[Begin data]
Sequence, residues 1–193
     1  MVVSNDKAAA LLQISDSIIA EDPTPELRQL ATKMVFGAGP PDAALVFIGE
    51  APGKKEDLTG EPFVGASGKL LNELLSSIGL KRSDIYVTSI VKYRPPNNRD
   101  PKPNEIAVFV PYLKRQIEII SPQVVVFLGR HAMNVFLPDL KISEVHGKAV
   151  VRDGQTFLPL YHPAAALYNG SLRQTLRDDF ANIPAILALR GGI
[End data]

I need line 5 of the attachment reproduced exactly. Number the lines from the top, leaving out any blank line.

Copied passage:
   151  VRDGQTFLPL YHPAAALYNG SLRQTLRDDF ANIPAILALR GGI